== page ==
[Groundwater on Mars Enlarged]

541    DECEMBER 31, 2006:   Astronomical Treats for 2007
Numerous astronomical treats are in store for us during 2007, including the possibility of a meteor storm. There will be two total lunar eclipses and plentiful planetary gatherings to amuse us. Saturday, March 3, marks the first total lunar eclipse visible since October 27, 2004. A wacky eclipse it is, indeed, because at moonrise, 5:50 p.m. EST, Luna is completely inside the shadow of the Earth. As darkness envelops the eastern US, the full moon will emerge from Earth’s shadow as it gains altitude in the sky. Europe and the US East Coast are favored. On August 28 precisely the opposite occurs. The full moon, low in the SW, begins to enter the Earth’s shadow at 4:50 a.m. EDT. The eclipse becomes total just before moonset in a brightening blue sky. The West Coast and Hawaii hold the advantage with the moon at a much higher altitude. It will also be a banner year for meteor observing. Most of the best events are happening under favorable lunar conditions. Lyrid meteors fly in a moonless sky on the mornings of Apr. 21 and 22. The Perseids peak in the a.m. on Monday, August 13, with hourly rates of one meteor per minute expected. The moon is new the day before. The biggies of the fall, the Orionids, Leonids, and Geminids peak respectively on the mornings of October 21 (moonset, 12:30 a.m.), November 18 (moonset, 11:30 p.m.), and December 13-14 (thin crescent moon). A meteor storm has been predicted for the morning of September 1, with the West Coast favored as Earth scores a direct hit with the debris of long period Comet Kiess. Meteors will radiate from the constellation of Auriga. Since these predictions vary in accuracy, the entire US will be in the running for what promises to be an exciting night. Clear skies for 2007!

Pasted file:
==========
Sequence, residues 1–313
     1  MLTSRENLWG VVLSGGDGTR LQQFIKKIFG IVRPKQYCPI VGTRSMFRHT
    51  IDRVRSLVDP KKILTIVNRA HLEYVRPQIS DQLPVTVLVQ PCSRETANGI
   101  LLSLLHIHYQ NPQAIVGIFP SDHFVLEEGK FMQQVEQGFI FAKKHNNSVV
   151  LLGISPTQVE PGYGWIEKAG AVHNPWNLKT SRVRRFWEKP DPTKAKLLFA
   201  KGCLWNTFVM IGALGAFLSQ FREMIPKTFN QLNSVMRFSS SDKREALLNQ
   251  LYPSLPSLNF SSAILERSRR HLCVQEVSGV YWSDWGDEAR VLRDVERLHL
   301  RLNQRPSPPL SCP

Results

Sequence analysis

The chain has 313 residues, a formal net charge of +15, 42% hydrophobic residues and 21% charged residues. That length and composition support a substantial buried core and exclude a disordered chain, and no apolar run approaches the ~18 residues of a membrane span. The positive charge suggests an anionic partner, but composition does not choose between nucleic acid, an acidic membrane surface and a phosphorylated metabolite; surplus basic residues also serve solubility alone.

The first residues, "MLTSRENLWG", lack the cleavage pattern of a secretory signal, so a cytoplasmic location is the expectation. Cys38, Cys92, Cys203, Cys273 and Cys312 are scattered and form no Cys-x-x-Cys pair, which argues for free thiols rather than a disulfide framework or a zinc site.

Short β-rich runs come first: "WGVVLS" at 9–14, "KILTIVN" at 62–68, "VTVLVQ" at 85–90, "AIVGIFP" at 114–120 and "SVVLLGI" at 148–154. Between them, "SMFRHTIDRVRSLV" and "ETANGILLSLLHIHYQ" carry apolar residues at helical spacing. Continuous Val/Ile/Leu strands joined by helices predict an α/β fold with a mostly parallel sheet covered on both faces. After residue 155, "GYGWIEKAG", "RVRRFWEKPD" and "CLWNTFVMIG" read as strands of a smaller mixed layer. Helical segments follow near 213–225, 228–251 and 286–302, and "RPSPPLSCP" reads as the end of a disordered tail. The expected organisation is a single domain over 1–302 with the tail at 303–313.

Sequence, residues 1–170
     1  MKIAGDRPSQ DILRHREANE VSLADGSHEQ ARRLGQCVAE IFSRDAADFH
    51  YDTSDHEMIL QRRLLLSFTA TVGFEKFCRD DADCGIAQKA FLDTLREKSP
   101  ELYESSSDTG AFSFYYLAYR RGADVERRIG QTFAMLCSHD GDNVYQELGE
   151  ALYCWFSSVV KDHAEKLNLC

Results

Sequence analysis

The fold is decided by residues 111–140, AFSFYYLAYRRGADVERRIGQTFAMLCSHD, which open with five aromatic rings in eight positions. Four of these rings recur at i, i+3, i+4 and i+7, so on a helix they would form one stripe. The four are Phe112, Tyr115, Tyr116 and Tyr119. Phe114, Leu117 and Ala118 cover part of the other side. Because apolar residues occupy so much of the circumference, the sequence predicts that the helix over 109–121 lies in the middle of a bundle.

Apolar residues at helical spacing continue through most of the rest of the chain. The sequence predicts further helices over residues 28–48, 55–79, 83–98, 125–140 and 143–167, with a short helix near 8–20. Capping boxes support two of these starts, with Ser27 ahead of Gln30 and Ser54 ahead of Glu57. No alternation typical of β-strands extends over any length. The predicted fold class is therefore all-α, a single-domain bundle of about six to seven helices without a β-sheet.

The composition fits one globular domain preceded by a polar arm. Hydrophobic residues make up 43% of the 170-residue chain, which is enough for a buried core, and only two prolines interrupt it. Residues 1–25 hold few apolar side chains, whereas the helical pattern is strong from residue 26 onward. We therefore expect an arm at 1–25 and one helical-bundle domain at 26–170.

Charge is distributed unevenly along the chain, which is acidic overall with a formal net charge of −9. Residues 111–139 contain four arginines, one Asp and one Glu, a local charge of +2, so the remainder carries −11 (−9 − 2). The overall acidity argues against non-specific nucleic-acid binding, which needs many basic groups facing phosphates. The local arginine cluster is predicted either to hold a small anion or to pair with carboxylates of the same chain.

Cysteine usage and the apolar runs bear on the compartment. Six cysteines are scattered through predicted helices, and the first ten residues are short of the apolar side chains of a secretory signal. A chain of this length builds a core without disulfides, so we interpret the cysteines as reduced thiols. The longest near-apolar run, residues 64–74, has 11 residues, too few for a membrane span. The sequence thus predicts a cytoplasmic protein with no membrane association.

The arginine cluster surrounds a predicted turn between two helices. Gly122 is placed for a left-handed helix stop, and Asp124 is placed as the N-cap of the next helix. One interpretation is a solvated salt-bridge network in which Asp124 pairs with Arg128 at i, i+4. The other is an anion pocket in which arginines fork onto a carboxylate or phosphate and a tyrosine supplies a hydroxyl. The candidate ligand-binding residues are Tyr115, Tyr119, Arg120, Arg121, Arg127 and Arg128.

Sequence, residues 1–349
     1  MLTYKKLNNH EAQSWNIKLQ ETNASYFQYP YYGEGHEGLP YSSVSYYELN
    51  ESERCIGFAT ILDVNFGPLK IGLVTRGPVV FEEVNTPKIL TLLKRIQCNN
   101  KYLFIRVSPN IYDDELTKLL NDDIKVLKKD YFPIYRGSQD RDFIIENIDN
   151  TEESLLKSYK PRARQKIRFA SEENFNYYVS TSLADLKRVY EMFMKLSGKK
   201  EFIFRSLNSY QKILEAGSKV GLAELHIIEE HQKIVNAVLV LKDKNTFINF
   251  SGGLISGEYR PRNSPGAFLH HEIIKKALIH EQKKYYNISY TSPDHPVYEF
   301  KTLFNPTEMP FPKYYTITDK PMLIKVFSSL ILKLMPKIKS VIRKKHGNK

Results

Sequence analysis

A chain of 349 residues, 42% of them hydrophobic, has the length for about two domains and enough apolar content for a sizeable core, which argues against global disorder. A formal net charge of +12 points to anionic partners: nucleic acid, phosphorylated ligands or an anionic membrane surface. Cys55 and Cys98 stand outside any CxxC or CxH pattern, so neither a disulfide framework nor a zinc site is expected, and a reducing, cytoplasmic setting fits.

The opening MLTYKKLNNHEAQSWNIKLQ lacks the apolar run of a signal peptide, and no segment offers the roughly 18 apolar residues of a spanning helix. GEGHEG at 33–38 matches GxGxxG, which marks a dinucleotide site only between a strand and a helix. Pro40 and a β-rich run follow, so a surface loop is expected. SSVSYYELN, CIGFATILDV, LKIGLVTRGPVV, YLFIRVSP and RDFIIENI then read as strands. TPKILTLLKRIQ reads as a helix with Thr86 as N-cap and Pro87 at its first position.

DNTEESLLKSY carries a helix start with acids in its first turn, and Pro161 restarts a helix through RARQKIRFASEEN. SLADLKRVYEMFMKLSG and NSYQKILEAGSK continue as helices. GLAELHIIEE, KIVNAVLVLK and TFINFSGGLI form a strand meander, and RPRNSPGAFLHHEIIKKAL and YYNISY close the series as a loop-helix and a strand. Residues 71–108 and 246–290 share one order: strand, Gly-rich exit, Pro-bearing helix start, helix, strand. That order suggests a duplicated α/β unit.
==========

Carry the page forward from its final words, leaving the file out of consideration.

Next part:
[March 3 Total Lunar Eclipse]
Make plans to view the total lunar eclipse of March 3.  Members of the Allentown School District Planetarium's StarWatch Team will have telescopes set up for the public at the Quakertown (PA) Airport starting at sunset.

December Star Map

December Moon Phase Calendar